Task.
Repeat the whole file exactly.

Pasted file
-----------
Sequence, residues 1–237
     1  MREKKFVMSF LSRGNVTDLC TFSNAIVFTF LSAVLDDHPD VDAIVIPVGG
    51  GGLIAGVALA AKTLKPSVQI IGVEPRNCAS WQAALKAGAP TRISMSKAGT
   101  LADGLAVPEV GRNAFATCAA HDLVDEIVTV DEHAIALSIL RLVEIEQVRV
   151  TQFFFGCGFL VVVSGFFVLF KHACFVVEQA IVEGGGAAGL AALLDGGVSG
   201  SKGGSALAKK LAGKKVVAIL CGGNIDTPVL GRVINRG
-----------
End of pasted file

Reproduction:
Sequence, residues 1–237
     1  MREKKFVMSF LSRGNVTDLC TFSNAIVFTF LSAVLDDHPD VDAIVIPVGG
    51  GGLIAGVALA AKTLKPSVQI IGVEPRNCAS WQAALKAGAP TRISMSKAGT
   101  LADGLAVPEV GRNAFATCAA HDLVDEIVTV DEHAIALSIL RLVEIEQVRV
   151  TQFFFGCGFL VVVSGFFVLF KHACFVVEQA IVEGGGAAGL AALLDGGVSG
   201  SKGGSALAKK LAGKKVVAIL CGGNIDTPVL GRVINRG